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January 10, 2018   |   Written by Jude Dry

Article taken from IndieWire.

“I was not prepared for how prepared Ray was,” Hunter said in a video interview with IndieWire for our awards season spotlight series.

There’s no mistaking Holly Hunter’s signature voice. That thick Southern twang has made her one of Hollywood’s most distinctive actresses, from early work in “Broadcast News” and “Raising Arizona” to a memorable voiceover turn in Pixar’s “The Incredibles.” This year reminded us that Hunter has depth and charm in equal measure, when she stunned as a protective mother weathering the unimaginable in “The Big Sick.” Written by Kumail Nanjiani and Emily V. Gordon, “The Big Sick” depicts the writers’ real-life romance, which originated with a shocker when Gordon landed in a coma from a mysterious illness.

Oh, and it’s a comedy.

“It flies against the tradition of the normal romantic comedy,” Hunter told IndieWire during a sit-down interview for our Awards Spotlight series. “What’s at stake in the movie is expressed consistently, relentlessly throughout the movie. This girl is in a coma, so you never forget that. That’s a little unusual for the stakes to be that high. Which also allowed for the comedy to be quite high as well.”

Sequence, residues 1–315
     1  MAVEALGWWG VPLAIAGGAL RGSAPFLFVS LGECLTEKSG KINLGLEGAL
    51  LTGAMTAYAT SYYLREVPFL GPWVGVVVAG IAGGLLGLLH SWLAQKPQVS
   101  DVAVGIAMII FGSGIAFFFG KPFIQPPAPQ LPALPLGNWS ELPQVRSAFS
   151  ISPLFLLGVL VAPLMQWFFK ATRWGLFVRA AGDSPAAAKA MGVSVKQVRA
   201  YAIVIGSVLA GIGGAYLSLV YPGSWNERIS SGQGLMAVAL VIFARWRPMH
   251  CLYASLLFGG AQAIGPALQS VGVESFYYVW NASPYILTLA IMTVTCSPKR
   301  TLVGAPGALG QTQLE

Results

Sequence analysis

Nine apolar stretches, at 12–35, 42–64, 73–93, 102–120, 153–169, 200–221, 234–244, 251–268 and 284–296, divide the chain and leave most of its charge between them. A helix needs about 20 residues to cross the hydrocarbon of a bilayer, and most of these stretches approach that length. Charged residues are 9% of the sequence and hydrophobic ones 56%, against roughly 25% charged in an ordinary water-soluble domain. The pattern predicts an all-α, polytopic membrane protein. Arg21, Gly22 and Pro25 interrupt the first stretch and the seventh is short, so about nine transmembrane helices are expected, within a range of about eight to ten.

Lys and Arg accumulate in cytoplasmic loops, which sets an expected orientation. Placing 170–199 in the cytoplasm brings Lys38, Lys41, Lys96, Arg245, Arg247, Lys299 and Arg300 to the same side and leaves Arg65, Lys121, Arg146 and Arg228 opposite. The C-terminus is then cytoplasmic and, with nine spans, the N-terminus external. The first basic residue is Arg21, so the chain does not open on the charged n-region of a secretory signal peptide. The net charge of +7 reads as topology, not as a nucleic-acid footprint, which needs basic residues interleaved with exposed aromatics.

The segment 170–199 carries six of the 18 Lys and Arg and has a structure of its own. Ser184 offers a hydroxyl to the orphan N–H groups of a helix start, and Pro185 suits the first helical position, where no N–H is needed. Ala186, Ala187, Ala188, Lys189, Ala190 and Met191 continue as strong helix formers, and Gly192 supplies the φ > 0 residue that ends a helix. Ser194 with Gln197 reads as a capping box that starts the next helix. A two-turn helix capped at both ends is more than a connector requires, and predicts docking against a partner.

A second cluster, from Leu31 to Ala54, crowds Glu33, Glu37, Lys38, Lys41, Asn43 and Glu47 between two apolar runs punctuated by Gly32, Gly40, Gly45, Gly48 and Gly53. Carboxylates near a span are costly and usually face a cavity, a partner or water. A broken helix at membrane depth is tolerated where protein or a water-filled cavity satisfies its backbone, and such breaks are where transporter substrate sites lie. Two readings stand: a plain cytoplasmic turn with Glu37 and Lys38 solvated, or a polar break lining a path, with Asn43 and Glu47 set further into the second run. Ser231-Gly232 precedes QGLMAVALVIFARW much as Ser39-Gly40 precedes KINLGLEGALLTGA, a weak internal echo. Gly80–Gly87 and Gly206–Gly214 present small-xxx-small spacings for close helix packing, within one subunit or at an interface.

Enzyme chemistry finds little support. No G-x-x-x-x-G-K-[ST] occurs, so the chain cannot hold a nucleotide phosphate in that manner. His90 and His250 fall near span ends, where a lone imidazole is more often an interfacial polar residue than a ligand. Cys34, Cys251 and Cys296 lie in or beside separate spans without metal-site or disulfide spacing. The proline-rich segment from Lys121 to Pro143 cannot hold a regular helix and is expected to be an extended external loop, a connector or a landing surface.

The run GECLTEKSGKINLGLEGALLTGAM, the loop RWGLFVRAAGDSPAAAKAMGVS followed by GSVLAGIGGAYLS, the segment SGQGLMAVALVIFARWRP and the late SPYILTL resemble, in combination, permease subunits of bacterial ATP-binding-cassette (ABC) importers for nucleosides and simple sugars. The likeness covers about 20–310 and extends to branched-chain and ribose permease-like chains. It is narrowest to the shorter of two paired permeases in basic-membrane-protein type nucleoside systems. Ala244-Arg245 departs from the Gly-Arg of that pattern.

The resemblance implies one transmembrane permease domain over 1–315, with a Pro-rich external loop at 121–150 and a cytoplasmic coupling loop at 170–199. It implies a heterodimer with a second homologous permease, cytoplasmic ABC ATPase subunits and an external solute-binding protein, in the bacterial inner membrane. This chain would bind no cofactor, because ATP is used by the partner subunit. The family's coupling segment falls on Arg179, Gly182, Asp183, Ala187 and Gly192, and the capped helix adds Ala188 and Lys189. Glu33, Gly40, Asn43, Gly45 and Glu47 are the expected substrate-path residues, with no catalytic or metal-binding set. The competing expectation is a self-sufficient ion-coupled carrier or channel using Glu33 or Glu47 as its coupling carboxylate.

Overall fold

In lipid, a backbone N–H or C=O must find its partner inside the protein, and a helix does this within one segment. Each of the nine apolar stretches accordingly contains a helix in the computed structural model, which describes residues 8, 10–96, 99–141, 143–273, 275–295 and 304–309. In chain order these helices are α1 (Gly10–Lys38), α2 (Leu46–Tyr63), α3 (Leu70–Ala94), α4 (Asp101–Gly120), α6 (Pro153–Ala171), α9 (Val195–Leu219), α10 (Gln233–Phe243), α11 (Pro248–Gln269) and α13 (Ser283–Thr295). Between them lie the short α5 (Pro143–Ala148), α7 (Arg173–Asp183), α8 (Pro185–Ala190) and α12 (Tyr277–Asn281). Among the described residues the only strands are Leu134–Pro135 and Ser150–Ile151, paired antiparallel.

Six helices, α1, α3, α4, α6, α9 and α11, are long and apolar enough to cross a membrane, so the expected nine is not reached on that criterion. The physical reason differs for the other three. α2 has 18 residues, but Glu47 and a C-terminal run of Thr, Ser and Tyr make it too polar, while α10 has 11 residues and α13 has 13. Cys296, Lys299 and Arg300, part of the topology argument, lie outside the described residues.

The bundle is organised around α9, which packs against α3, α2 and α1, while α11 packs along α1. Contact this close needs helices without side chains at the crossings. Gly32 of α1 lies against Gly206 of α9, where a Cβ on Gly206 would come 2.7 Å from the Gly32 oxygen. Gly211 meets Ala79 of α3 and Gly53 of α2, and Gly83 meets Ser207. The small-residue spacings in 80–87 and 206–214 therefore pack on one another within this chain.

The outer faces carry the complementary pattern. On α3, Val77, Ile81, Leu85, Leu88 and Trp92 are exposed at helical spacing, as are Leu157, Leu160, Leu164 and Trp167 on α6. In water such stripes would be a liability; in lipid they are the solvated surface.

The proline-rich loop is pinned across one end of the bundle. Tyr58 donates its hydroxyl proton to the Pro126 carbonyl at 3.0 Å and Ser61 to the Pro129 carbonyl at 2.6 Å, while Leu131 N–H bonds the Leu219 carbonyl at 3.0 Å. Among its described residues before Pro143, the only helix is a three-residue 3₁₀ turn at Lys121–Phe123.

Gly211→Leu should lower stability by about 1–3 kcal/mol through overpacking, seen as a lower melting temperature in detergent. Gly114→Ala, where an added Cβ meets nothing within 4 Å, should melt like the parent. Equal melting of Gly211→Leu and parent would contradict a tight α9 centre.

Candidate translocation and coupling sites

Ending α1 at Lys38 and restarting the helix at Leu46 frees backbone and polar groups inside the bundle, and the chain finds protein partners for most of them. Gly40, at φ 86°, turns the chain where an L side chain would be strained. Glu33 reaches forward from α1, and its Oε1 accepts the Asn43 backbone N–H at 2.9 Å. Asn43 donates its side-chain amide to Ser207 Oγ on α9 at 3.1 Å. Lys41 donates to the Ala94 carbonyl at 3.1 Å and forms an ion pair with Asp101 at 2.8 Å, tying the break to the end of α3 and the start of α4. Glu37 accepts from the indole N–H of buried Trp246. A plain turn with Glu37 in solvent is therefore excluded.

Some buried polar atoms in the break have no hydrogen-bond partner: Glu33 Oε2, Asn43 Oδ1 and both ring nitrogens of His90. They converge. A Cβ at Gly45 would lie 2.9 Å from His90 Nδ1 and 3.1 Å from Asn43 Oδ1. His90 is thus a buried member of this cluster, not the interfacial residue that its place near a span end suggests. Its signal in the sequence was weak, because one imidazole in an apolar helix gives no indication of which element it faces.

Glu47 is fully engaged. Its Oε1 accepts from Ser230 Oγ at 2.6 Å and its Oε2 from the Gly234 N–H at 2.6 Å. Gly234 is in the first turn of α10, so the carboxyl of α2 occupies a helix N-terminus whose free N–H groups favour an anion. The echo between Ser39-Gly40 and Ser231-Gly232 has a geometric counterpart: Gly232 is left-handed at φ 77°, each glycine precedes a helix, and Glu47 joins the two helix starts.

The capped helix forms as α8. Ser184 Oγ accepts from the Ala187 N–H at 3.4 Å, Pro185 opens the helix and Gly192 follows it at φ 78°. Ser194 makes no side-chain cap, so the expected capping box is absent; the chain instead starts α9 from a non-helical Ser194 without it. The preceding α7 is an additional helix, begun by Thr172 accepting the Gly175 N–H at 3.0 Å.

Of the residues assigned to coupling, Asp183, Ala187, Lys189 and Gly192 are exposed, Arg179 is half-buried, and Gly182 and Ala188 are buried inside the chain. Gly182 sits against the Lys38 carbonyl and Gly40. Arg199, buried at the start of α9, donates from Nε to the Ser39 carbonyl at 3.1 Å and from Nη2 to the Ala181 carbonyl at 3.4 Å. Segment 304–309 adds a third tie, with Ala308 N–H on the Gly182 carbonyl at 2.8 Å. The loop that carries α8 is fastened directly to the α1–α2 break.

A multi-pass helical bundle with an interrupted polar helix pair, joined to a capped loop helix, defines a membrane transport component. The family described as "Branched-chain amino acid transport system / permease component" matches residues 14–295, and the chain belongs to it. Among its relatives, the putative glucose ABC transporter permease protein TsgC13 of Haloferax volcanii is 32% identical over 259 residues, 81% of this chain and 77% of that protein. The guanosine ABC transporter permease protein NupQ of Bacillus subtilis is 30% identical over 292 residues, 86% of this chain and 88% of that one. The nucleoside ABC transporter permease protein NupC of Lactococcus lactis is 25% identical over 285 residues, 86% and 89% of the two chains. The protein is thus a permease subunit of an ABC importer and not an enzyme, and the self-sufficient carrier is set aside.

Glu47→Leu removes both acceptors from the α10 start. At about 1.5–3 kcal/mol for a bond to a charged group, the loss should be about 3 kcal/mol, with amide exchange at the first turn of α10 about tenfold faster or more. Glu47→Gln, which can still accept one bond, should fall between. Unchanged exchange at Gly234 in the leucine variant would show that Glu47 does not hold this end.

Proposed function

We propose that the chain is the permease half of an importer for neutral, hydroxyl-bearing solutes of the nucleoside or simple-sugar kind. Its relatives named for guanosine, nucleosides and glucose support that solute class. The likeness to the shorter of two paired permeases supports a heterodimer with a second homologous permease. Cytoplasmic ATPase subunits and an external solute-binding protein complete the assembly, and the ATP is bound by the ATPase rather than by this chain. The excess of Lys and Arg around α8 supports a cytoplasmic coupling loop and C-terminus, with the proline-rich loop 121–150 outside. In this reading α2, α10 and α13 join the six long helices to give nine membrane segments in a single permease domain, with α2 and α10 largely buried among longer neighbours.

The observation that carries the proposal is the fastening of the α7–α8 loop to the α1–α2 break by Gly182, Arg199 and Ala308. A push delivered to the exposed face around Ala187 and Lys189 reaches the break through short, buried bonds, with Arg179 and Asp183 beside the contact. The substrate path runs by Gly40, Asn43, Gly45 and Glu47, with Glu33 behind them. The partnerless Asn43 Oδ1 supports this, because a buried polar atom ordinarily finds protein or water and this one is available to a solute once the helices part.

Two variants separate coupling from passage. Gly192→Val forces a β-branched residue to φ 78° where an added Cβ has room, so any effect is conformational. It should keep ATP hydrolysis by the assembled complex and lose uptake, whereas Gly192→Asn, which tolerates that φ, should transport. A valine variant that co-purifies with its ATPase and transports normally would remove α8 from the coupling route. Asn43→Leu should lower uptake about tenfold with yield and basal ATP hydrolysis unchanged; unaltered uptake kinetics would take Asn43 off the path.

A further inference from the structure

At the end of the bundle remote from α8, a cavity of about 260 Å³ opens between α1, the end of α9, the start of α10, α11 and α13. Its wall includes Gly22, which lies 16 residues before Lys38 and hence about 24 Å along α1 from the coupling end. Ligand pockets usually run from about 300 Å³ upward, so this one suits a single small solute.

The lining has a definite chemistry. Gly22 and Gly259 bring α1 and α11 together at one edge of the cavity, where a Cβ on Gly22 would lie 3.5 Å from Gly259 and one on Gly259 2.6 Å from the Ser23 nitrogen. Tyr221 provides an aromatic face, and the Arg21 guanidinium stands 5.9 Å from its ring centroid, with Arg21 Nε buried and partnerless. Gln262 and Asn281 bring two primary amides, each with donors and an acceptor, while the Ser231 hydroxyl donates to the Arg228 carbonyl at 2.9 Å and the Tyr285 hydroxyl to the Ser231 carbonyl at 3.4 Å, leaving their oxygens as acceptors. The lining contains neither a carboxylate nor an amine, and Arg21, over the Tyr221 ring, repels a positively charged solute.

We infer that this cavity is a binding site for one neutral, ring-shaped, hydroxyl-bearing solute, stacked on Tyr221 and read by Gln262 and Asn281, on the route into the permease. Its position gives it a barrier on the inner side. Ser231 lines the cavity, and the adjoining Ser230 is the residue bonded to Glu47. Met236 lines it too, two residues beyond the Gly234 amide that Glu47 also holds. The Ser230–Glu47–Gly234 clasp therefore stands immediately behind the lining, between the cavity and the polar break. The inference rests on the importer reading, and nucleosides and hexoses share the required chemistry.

The comedic moments land like a sliver of hope through the family’s harrowing waiting period, when they don’t know if Emily (Zoe Kazan) will wake up or not. Kazan and Hunter worked closely to develop the strong mother/daughter bond that is the driving force behind Hunter’s inspired performance. “We were real partners in creating that portrait of two women,” she said. “Kumail was watching two women who have an adult relationship as mother and daughter, and he didn’t have one with his family. He was very much still a child. So that was beautiful architecture on the part of the creators.”

Hunter praised the “effortless chemistry in the cast,” singling out Ray Romano, who plays her husband in a surprisingly assured dramatic turn from the comedian. “That was like kismet, you can’t make that up. He’s a really serious actor, and he’s of course funny as hell. I was not prepared for how prepared Ray was. It was inspiring.”

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